Ice or Heat for Pain and Injuries?

The purpose of this blog is to answer the question – “Should you use ice or heat for pain and injuries?”

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When NOT To Use Ice or Heat

It’s important to know when NOT to use ice or heat, or at least err on the side of caution. Examples include if you have:

  • Impaired circulation or sensation
  • An infection
  • An open wound

I’d also advise against using heat for a new injury or surgery that’s visibly inflamed as indicated by redness, swelling, and warmth.

This list is not all-inclusive. If you’re unsure, the best thing to do is consult with your medical doctor.

Ice or Heat for Injuries?

There are 2 primary reasons why you might be considering the use of ice or heat. The first reason is if you’re trying to increase tissue healing. 

When it comes to tissue healing, neither modality is likely to expedite your recovery. This is supported by the research, or lack thereof

There are some YouTube videos that suggest icing actually impairs or delays recovery based on a study titled, “Influence of icing on muscle regeneration after crush injury to skeletal muscles in rats.” However, this cannot be generalized to something like an ankle sprain in humans.

Heat and ice do have risks, but are unlikely to be harmful when applied appropriately for short durations.

The recommendation against ice may be appropriate if it’s accompanied by complete rest because movement and exercise influence healing.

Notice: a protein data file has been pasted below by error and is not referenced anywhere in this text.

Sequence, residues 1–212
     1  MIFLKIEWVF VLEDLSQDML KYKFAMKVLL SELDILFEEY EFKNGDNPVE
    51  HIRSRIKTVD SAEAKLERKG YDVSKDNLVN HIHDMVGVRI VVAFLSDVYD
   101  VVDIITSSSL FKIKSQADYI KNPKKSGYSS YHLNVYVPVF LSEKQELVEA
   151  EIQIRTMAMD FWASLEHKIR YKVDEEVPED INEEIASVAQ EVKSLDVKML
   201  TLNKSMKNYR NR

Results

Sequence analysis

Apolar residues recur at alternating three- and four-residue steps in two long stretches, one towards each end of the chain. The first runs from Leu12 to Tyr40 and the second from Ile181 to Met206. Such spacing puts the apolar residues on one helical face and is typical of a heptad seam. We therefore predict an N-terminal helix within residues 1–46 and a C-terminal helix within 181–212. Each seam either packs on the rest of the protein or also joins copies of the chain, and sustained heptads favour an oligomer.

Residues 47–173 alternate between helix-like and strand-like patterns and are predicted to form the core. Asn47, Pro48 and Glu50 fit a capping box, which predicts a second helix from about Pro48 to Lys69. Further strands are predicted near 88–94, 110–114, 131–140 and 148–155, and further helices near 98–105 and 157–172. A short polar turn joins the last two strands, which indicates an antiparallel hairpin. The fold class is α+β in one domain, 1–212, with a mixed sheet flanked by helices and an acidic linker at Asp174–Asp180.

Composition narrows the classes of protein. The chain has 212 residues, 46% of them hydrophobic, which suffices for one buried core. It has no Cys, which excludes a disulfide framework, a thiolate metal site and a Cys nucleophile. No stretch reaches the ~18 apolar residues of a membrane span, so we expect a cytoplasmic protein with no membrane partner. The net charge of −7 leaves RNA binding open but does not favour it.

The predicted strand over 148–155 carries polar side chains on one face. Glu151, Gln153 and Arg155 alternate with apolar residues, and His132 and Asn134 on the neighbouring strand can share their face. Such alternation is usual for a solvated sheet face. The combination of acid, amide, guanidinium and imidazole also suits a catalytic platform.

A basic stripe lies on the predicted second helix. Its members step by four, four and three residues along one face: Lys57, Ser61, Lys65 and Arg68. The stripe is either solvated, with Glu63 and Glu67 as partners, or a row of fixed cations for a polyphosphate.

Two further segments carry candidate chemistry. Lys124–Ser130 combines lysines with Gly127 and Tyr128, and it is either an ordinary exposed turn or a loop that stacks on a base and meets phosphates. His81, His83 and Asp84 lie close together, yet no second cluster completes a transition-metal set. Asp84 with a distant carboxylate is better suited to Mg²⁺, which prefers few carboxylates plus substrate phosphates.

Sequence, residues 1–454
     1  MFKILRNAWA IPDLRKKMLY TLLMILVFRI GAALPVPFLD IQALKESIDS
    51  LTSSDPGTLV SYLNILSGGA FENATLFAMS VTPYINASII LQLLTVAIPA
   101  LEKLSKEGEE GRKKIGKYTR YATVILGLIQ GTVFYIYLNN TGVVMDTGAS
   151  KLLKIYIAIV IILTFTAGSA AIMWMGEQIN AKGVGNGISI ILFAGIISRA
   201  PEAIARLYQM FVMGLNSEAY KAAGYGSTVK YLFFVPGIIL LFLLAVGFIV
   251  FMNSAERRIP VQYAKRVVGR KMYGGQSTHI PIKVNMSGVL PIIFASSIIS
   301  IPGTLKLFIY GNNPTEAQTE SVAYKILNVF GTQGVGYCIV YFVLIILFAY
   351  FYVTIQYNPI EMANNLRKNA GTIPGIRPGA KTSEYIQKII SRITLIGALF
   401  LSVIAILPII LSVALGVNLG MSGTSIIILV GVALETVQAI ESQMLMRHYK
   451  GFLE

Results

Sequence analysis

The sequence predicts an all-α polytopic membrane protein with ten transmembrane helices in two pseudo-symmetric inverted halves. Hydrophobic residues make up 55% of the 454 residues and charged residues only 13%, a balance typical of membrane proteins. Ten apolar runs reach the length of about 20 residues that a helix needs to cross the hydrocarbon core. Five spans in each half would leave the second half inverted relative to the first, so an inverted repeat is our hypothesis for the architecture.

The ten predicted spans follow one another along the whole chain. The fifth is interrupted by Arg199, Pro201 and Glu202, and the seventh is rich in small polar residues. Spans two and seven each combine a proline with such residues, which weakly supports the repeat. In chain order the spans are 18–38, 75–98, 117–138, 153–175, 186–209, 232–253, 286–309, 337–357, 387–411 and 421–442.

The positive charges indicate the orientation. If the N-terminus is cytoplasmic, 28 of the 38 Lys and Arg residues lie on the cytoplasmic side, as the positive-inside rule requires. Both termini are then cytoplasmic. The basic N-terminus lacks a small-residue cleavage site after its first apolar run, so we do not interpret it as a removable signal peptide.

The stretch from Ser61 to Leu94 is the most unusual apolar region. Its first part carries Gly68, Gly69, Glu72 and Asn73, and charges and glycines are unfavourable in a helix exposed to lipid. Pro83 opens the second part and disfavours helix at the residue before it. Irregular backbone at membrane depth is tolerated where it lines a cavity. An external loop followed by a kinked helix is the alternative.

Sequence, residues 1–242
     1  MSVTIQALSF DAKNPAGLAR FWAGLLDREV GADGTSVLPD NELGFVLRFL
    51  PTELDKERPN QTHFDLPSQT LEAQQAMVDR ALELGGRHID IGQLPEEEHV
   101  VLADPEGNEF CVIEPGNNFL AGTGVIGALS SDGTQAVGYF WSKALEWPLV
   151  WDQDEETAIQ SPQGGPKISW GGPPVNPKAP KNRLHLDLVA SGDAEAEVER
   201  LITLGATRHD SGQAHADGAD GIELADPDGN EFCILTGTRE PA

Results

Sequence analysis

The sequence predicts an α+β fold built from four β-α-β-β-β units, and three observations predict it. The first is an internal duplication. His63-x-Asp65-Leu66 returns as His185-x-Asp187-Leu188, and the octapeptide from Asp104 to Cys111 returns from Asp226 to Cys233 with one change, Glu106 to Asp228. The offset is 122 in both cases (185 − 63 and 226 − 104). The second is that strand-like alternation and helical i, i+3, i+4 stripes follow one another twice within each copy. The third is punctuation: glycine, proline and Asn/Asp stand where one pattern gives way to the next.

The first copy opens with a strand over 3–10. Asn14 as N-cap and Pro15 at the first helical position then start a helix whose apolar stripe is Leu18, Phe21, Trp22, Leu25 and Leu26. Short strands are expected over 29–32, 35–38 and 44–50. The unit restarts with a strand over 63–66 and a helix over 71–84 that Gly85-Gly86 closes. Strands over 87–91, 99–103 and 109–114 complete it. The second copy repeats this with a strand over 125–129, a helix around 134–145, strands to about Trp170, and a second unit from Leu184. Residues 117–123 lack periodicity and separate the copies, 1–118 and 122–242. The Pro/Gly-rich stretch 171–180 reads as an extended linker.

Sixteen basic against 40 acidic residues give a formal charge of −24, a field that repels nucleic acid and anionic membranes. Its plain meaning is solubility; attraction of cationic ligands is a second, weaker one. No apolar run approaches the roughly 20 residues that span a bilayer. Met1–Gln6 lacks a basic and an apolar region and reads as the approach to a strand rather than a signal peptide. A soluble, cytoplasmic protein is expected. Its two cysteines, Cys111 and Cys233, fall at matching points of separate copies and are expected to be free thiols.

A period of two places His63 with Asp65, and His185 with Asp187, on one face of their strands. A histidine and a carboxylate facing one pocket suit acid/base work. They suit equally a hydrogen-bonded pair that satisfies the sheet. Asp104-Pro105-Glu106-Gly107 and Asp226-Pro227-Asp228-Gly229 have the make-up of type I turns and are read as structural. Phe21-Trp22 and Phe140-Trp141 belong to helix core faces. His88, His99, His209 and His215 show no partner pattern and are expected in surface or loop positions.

In the case of an acute ankle sprain, you might reduce your amount of standing and walking for a short period of time to help protect the injured tissues. However, some movement is usually beneficial to reduce swelling and improve function.

The other big picture things that matter for tissue healing are sleep, stress levels, alcohol intake, smoking status, nutrition, and your general health.

Ice or Heat for Pain?

The second reason you might be considering the use of ice or heat is that you want to reduce symptoms, such as pain or stiffness.

In this case, the choice is based on your preference.

An easy rule of thumb is that if you think a warm shower or hot tub would make you feel more relaxed and comfortable, then heat might be the better option. An example might be if your neck is stiff or your low back feels “tight.”

Ultimately, the decision is up to you.

Practical Takeaway

So, coming back to the question: “Should you use ice or heat for pain and injuries?”

Assuming neither modality is contraindicated, it doesn’t really matter in the grand scheme of things. 

Neither will speed up tissue healing, so you can choose to use ice or heat based on your preference.

Want to learn more? Check out our some of our other similar blogs:

Imaging Myths, Exercise & Rehab Myths, Placebo

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